Estimating This department had to ensure that they price appropriately, in line with the business strategy and mission statement. Firstly to ensure that they remain competitive to get onto the framework in the first place, but secondly that they have the capability to service the framework for the four year duration in line with their mission statment. Management (Department Heads & Directors) Once the first phase was successfully passed all that remained was interviews and workshops with the contractor’s heads. This was in order to ascertain their understanding of the sector and opportunity in front of them and commitment for servicing the public sector. This stage is mainly for stimulating a positive start to the potential four year relationship but anything that is unseemly could be further investigated.

3. The Project Approach Once appointed onto the framework the contractor then commenced delivery of actual projects, which clients called-off under the framework. Identification of projects can be sourced via two methods: 1. Direct from public clients calling-off from the framework 2. Direct from the contractors pre-existing public client portfolio (as this project was sourced) Either way, the contractor needed to effectively manage the enquiry from conception to completion. The process and business units contributing to this post framework appointment stage include:a. Business Development (BD) b. Bidding (mini-tendering to ascertain bespoke rates)  c. Project implementation ; delivery

One point to note is that the marketing department is involved in every stage listed above, be it laying down the guidelines for initial publicity in line with business strategy, providing supporting material during the bidding phase, promoting success on award/delivery and post completion of contract. This also includes marketing review, for case studies, intelligence, strategy changes, what’s working well, what’s not and why etc.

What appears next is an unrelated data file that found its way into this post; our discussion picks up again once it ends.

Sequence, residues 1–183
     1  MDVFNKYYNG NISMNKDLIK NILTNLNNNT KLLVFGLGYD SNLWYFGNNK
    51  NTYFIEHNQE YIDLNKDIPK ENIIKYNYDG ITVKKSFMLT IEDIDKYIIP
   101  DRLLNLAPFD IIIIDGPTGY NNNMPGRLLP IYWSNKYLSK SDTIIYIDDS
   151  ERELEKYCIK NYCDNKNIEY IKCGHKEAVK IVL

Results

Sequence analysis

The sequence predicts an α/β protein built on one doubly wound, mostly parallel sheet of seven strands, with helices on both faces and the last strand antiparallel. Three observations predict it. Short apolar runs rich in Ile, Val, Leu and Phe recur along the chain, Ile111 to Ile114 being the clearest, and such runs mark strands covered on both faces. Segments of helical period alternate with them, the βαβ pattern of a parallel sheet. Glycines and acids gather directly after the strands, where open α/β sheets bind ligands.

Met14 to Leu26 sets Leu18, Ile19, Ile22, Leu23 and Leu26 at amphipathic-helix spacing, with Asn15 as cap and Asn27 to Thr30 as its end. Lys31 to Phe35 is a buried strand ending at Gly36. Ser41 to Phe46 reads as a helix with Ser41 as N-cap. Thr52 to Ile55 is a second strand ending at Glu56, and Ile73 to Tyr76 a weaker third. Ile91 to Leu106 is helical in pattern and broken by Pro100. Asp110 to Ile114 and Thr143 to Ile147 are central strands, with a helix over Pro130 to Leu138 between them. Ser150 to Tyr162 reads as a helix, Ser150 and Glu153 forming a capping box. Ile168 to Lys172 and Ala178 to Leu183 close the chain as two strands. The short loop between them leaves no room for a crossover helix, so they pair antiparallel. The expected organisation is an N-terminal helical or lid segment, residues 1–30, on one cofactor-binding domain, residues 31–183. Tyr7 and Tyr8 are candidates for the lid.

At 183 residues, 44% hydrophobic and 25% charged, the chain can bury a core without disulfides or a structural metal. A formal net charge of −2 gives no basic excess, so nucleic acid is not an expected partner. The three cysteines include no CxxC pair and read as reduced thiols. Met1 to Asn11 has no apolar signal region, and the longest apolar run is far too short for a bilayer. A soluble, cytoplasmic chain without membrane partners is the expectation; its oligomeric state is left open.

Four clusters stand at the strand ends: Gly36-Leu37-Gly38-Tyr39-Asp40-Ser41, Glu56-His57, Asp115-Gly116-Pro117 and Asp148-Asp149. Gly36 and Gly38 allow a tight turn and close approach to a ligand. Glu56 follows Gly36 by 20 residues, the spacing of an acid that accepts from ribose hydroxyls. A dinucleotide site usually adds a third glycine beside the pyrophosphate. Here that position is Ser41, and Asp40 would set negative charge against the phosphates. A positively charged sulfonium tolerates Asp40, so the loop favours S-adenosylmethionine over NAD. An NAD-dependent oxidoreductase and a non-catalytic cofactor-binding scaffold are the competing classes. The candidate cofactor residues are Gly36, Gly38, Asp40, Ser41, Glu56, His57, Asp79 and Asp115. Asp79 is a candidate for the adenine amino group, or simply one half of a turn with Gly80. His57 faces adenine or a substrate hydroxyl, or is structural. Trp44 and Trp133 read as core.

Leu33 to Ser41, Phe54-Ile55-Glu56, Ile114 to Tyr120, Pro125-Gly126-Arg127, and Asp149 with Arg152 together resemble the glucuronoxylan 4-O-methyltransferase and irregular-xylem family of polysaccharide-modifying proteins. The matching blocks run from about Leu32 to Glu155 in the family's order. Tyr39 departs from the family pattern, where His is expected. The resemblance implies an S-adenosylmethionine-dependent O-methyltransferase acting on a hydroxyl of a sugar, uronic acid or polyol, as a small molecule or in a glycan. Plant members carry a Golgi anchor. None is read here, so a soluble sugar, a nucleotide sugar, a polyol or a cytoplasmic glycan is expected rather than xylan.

Business Development Once appointed onto the framework the BD team actively promote the framework in line with their marketing objectives to potential clients. This also assists with relationship building, in order to increase chances of success when mini-tendering for works under the framework (as the public client does not have to chose the lowest tender). As the framework is open to any public body the contractor can also promote it to their existing clients, where they have built up good rapport, who in turn also spreads the word of the benefits to other public bodies during conferences etc.

This relationship building has been recognised as a necessity by many contractors and thus most capable firms have BD units to maintain this aspect of the business. As Preece et al. (1996) stated that ‘word of mouth’ recommendations are as effective as any other type of marketing promotion. This point is imperative in such a short lived industry with numerous entrants and leavers and hence client confidence is swayed by market gossip…image/reputation is key! On this occasion the BD team indentified the opportunity and engaged with the client, resulting in a commitment to use the framework. Prior to this the client was already engaged with the DTP and was in the process to procure traditionally, but time was a critical factor and this partly influenced the client to use the framework.